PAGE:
Naked City

Duplex or Not Duplex?

It's big, much bigger than the average central Austin house and often as pretty as a Wal-Mart tilt-wall box. Sometimes it's set on stilts or has an odd (for Austin) name like "The Beach Houses." It accommodates many residents, usually students. And in many center-city neighborhoods -- particularly those near UT -- it's provoking fear and rage among homeowners. It is the "superduplex" or "megaduplex" -- the opposite of the cherished and, neighborhood leaders worry, increasingly endangered single-family house.

The SF-3 zoning common in Central Austin neighborhoods forbids apartments but allows duplexes if the lot is at least 7,000 square feet. Traditionally, these duplexes are more-or-less the size of a single-family house; in fact, many are converted single-family houses. Recently, however, residents north of UT have decried a wave of superduplexes, each with room for a dozen or more residents, going up on lots once occupied by single-family homes -- "a perversion of the zoning process," in one North University resident's words. A duplex can have up to six bedrooms per unit and still be legal in SF-3. Campus-area neighbors -- many of whom are currently going through the city's neighborhood-planning process -- are worried that developers will rush, before the plan is finished and adopted, to clutter their 'hoods with superduplexes.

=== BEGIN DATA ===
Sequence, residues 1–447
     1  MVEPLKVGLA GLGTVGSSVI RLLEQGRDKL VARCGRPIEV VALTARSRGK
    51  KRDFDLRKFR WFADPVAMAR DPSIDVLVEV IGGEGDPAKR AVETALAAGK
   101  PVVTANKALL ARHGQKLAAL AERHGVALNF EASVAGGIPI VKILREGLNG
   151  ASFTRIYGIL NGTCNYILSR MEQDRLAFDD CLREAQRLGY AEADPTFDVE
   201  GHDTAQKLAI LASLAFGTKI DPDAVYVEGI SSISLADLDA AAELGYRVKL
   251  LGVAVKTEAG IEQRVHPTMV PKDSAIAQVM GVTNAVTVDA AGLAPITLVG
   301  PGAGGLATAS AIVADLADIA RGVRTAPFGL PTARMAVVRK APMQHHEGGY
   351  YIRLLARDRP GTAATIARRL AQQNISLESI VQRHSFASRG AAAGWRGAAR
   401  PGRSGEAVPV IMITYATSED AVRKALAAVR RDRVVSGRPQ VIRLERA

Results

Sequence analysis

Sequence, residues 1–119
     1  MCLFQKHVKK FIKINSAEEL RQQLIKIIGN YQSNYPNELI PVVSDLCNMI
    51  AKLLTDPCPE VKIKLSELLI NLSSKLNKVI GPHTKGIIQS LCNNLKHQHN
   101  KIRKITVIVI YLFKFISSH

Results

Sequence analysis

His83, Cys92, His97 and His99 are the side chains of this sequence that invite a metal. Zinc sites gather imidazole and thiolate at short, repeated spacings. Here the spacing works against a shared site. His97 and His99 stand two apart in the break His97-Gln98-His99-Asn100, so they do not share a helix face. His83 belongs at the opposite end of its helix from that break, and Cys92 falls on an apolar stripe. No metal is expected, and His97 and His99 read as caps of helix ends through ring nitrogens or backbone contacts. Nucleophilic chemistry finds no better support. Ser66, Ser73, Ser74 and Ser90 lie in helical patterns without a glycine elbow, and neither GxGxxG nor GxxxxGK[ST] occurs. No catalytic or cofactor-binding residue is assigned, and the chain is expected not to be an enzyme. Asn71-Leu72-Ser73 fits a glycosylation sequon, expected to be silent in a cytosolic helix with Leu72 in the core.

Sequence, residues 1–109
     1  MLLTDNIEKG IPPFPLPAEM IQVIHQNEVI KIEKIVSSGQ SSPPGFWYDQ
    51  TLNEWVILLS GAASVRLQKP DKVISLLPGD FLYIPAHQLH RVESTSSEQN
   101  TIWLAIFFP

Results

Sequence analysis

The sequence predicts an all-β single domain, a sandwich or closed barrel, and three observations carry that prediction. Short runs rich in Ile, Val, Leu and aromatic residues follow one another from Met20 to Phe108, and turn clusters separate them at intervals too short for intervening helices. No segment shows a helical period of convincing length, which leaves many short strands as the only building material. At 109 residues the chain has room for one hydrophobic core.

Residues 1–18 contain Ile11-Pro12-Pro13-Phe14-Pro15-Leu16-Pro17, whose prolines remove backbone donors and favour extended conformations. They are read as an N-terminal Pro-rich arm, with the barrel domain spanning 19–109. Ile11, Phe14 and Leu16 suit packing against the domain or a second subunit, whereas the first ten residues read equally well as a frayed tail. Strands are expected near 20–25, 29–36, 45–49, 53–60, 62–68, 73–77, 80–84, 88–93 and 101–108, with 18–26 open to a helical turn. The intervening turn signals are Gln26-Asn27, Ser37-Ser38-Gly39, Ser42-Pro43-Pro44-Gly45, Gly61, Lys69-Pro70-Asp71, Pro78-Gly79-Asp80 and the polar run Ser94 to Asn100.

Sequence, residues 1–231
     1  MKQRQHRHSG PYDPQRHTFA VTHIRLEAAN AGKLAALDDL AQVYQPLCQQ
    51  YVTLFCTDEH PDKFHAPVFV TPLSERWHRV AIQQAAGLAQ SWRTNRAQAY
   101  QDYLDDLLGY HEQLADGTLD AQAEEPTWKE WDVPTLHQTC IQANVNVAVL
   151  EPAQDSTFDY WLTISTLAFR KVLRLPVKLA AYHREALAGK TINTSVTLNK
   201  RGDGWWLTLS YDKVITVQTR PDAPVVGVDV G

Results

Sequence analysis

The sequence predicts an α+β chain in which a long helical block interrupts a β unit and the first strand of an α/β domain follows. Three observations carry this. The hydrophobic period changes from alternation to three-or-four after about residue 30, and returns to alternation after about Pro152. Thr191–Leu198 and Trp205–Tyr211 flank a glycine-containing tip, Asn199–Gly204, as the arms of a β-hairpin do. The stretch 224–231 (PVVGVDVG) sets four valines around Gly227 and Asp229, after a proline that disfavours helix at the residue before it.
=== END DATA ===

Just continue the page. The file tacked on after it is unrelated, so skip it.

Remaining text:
Since they don't require multifamily zoning, these duplexes don't have to conform to the city code requirements (parking, impervious cover, compatibility with neighboring structures, and so on) that apply to apartment buildings. "There seems to be a feeling among the people doing these things that the way to profit is build the most offensive possible building, aesthetically and functionally, while refusing to speak to the neighbors," says Gary Penn of the Hyde Park Neighborhood Association. "That is why we have sought intervention from the [City] Council."

This week, the council will take up an item, sponsored by Mayor Pro Tem Jackie Goodman, instructing city staff to explore a moratorium on duplex construction. Goodman says recent changes in state law prohibit the council from simply declaring a moratorium from the dais. In March, the city Board of Adjustment, which grants variances to city code, will consider a resident-filed appeal against a duplex under way near Red River and 32nd, which if sustained could discourage further supersized development.

But the moratorium idea doesn't sit well with everyone in River City -- especially if it leads to a blanket ban on all duplexes. Developers hoping to build such structures include nonprofits trying to create more affordable housing, and community advocates suggest a moratorium would harm neighborhoods that need more housing options. One solution would be to exempt SMART Housing duplexes from the ban or to allow neighborhood-planning areas to address the duplex issue individually.

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